Posted at 09:59h
The Oxford Dictionary defines a fad as ‘an intense and widely shared enthusiasm for something, especially one that is short-lived; a craze’. We’ve seen them come and go, and whether it be Angry Birds, Planking, Low-carb diets, or Loom Bands – fads provide fleeting success before epic downturns in interest.
So what makes a trend? Although trends can withstand as much popularity as fads, trends can be classified as such because of time. For example, many thought that the popularity of yoga would diminish alongside hippy culture, after it shot to mainstream success in the 1960’s. However, this has instead continued to grow in popularity still to this day and has reached trend status. This can be attributed to longevity in the practice, with a less visible group involved for a much longer timespan than when it shot to fame.
We look at coconuts in this way. While it’s undeniable that the coconut has been taking over the Western world in the past few years, Eastern cultures have depended on the plant as a food source and a means of living dating back thousands of years. Coconuts are a staple ingredient for around 1/3 of the world’s population, providing a pretty substantial recommendation for the rest of the world!
And that’s just what has happened. The rediscovery of coconuts in the West has provided us with increased demand, allowed us to produce innovative offerings, and created large consumer base which, like us, know and love the fruit (yippee!). The depth and staying power of the coconut is proving itself as a trend, able to reinvent to meet a food landscape that just never stops changing.
With consumers becoming more aware of the social and environmental impact of their purchasing habits, it’s safe to say that environmentally unsustainable trends or fads simply won’t last. Coconuts are far more sustainable than highly controversial palm oil, responsible for the endangerment of a third of all mammal species in Indonesia.
When coconuts are harvested, it is easy to regrow them, since the whole tree does not have to be chopped down. Considered a three-generation tree, coconuts can be grown in almost any type and quality of soil, and are able to live and produce fruit for up to sixty years. At Coconut Merchant, we work with farmers at cooperatives to ensure that everyone benefits from our sustainable coconut production.
Many fads are great at playing on emotive wants and needs, but never provide real-world backing (here’s looking at you, Cabbage Soup Diet!). Coconuts, however, are a functionally based item with loads of uses. Not only perfect for cooking and eating purposes, coconuts can be transformed into great beauty and home products. Much like the olive oil trend which flourished in the 1990s, coconut oil has now passed the initial ‘craze’ market stage and is transforming into a cupboard essential for many households in the UK and overseas. It’s safe to say, we’re super happy about this.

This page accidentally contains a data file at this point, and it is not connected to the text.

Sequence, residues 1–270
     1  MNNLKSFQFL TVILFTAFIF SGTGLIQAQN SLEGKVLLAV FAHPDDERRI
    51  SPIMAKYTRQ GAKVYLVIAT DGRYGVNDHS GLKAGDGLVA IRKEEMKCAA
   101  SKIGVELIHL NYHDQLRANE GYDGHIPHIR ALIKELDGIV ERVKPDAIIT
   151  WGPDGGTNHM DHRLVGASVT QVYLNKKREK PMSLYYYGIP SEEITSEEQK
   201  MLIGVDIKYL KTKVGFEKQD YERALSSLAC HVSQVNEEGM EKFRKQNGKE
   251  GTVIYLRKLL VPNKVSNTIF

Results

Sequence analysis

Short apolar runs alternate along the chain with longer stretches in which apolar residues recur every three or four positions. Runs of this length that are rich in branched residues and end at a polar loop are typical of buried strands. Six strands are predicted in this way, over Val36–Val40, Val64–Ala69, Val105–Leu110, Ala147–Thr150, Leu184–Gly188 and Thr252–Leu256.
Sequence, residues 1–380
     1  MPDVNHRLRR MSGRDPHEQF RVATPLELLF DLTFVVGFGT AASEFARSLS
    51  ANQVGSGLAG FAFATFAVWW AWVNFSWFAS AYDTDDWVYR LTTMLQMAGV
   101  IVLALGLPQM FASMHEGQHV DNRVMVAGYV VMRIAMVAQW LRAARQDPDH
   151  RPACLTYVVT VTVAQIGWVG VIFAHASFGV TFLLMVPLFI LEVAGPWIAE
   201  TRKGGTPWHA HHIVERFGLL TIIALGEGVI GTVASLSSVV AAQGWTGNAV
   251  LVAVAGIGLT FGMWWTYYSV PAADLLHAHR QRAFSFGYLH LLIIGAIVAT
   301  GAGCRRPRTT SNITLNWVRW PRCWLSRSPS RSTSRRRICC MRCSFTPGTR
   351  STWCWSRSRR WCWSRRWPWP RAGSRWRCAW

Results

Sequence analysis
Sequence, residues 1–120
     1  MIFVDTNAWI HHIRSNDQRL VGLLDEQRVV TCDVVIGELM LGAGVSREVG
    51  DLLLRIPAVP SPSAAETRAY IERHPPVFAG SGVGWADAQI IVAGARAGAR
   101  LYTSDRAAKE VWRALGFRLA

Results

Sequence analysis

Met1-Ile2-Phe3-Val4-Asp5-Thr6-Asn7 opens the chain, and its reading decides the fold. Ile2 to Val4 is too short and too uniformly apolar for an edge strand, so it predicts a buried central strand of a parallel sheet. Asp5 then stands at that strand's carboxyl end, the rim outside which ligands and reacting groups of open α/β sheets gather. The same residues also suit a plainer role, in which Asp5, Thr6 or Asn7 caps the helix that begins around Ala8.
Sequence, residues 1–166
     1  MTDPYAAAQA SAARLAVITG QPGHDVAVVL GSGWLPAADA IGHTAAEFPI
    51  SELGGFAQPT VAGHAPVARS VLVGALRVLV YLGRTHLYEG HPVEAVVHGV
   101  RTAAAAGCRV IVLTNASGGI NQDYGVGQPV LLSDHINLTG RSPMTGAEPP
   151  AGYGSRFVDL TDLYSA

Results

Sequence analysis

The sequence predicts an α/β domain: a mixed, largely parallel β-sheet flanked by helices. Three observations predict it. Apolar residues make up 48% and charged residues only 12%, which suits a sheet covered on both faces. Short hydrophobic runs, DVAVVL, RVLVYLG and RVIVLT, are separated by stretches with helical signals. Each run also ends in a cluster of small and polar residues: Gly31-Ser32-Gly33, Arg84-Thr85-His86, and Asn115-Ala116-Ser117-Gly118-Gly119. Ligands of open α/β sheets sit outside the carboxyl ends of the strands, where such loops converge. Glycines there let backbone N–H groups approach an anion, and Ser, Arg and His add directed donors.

Coconuts associate with many other ways in which food consumption is currently changing, and so at Coconut Merchant we aim to cater to the interests of our current consumers. For example, we provide products suitable for those following a gluten-free lifestyle such as our Organic Coconut Flour. Many people now favour products classed as authentic rather than local, which was more popular in the past. This is why we love to create products which are both true to their origin and relevant to our modern consumers.
The coconut palm is an extremely adaptable resource; with many different parts of the plant used to produce a varying array of results. We feel at Coconut Merchant that this is one of our main strengths; it allows us to make innovative products such as our award winning Coconut Jam, Coconut Vinegar, Coconut Nectar Honey Alternative, and Beauty Balm. We love being able to produce top quality ethical products, with consumers in mind, which cater to a vast range of tastes and uses.
It is undeniable that fads can provide success. This success, however, is momentary, and in the long-term provides more downfalls than it does benefits. Coconuts, unlike this, continue to prove to be a growing trend within the food industry. Here to stay, they demonstrate a shift in the market towards authentic, quality, adaptable natural products.
Written by Nicole Goyder